Employers or the designated recipient have 7 days to respond to the complainant and may also contact the party named in the complaint. Within 45 days of receiving the complaint, the involved parties must begin to work to resolve it through negotiation. Both the complainant and responding party have the right to be represented during the resolution process. The parties can also agree to try conciliation/mediation.
If the issue is not resolved by negotiation or conciliation/mediation, the complainant can ask that there be an investigation. Employers should be careful when choosing an investigator and develop a list of qualified investigators with the partner. The investigator cannot have a conflict of interest and must have knowledge and experience in workplace harassment and violence prevention and the applicable legislation, as well as investigative training. The employer and workplace committee or health and safety representative must decide how to implement investigative reports.
All complaints must be resolved within one year after the day the complaint was received. Employers must always meet the privacy and confidentiality requirements in their prevention policies, as required by the Regulations.
Penalties and Reporting Requirements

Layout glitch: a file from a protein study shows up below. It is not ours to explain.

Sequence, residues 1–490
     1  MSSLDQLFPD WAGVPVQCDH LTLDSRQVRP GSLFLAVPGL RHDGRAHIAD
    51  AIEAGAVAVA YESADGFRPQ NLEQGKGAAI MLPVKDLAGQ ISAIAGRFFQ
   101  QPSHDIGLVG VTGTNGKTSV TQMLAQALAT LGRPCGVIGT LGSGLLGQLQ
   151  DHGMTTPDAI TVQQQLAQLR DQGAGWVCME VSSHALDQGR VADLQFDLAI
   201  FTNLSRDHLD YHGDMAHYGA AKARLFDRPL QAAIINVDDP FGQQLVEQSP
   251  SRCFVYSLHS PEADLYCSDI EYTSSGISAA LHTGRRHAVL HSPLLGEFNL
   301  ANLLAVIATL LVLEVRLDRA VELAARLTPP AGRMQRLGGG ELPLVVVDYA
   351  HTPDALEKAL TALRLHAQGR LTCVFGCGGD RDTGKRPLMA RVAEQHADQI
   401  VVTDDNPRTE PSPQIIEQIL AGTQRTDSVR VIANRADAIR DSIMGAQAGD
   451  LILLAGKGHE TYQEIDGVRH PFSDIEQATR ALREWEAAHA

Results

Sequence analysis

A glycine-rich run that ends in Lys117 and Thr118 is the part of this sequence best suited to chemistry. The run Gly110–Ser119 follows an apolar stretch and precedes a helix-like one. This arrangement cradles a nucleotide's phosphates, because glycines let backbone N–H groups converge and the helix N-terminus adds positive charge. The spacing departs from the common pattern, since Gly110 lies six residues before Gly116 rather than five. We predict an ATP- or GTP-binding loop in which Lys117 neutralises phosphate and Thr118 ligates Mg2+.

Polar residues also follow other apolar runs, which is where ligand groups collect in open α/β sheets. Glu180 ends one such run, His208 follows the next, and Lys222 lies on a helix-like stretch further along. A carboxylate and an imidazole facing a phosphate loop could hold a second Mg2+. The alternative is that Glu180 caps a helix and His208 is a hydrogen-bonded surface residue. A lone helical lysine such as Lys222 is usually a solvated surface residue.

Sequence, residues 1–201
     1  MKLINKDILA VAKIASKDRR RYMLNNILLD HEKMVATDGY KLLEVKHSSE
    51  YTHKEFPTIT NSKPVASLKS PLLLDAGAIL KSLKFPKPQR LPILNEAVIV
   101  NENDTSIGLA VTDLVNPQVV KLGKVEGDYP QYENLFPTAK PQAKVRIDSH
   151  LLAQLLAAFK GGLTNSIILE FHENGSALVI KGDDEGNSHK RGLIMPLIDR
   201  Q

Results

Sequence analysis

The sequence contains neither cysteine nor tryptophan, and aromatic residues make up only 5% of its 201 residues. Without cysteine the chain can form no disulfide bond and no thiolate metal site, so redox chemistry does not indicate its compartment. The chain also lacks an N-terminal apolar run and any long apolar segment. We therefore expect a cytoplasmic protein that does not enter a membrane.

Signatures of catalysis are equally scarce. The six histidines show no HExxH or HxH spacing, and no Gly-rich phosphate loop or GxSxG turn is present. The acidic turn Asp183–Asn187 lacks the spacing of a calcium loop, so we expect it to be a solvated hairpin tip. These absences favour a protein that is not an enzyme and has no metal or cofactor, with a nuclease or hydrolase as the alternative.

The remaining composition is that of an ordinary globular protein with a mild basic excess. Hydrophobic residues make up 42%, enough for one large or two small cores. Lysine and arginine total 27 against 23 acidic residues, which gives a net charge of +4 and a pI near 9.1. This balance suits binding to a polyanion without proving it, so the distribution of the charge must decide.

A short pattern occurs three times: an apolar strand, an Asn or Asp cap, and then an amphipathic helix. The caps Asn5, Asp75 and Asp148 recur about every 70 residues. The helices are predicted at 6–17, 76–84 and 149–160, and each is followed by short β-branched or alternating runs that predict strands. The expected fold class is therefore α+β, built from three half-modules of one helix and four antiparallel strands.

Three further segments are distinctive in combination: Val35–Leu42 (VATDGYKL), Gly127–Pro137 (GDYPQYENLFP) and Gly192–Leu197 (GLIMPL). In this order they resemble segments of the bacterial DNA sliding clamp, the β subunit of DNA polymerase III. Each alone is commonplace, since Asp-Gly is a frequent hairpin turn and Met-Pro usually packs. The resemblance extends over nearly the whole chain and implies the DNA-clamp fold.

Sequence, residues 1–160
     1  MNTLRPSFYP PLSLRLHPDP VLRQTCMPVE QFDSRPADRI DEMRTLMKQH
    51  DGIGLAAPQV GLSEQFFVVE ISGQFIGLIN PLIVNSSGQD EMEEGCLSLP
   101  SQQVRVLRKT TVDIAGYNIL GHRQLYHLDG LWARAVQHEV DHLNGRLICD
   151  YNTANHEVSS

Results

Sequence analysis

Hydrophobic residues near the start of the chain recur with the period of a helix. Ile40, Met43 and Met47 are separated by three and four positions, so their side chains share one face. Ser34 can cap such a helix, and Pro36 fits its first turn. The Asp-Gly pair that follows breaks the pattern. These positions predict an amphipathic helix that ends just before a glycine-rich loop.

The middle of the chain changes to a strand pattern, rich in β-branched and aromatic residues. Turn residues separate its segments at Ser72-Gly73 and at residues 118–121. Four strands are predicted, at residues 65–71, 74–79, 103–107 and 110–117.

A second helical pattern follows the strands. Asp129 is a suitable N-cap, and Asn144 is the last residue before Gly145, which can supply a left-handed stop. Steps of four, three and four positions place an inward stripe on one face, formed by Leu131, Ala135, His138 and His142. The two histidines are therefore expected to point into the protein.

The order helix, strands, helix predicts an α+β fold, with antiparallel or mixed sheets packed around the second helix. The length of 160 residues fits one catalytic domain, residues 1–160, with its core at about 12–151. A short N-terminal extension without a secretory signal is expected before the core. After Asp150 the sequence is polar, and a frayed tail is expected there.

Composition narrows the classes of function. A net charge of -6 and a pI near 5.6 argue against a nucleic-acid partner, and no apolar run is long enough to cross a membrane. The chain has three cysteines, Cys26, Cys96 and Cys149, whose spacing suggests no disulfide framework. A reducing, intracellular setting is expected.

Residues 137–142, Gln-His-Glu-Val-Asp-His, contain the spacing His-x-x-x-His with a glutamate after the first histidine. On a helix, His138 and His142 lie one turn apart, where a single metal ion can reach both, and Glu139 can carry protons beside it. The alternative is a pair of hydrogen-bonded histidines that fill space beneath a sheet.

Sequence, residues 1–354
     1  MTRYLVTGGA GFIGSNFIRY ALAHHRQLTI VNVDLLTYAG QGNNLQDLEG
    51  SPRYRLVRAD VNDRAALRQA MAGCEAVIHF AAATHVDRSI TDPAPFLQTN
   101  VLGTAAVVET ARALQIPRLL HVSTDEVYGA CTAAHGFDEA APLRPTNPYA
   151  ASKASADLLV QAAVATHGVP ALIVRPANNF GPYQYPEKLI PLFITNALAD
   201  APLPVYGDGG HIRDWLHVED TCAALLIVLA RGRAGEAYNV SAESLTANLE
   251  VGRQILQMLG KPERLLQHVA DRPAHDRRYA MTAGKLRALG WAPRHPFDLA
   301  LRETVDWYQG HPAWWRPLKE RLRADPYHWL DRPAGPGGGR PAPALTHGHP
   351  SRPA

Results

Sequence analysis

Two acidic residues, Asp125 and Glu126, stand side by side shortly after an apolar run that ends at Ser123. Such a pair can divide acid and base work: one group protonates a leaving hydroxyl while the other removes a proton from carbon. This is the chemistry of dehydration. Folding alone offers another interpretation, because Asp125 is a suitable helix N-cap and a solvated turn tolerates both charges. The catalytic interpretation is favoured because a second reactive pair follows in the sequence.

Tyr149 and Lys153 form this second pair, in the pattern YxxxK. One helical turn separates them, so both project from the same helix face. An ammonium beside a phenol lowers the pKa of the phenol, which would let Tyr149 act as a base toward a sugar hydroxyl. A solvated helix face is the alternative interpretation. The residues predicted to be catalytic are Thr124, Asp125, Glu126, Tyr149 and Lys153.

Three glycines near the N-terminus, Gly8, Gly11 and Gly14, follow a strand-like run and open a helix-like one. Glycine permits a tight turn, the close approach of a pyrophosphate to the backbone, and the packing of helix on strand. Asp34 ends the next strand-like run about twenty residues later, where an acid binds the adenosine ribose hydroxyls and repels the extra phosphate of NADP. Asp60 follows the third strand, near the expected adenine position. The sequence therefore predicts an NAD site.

The Regulations set out annual reporting requirements for incidents that have occurred. Fatalities related to incidents must be reported within 24 hours of the employer becoming aware of the fatality.
New penalties for employers failing to comply with the health and safety and labour standards under the Canada Labour Code and its regulations can also be found under Part IV of the Act and in the Administrative Monetary Penalties (Canada Labour Code) Regulations: SOR/2020-260. You can check out the news release and quick facts about the penalties provided by the Government in December 2020.
A special thank you to our articling student, Linette Lubke, for her contributions to this blog post!
The content of this article is intended to provide a general guide to the subject matter. Specialist advice should be sought about your specific circumstances.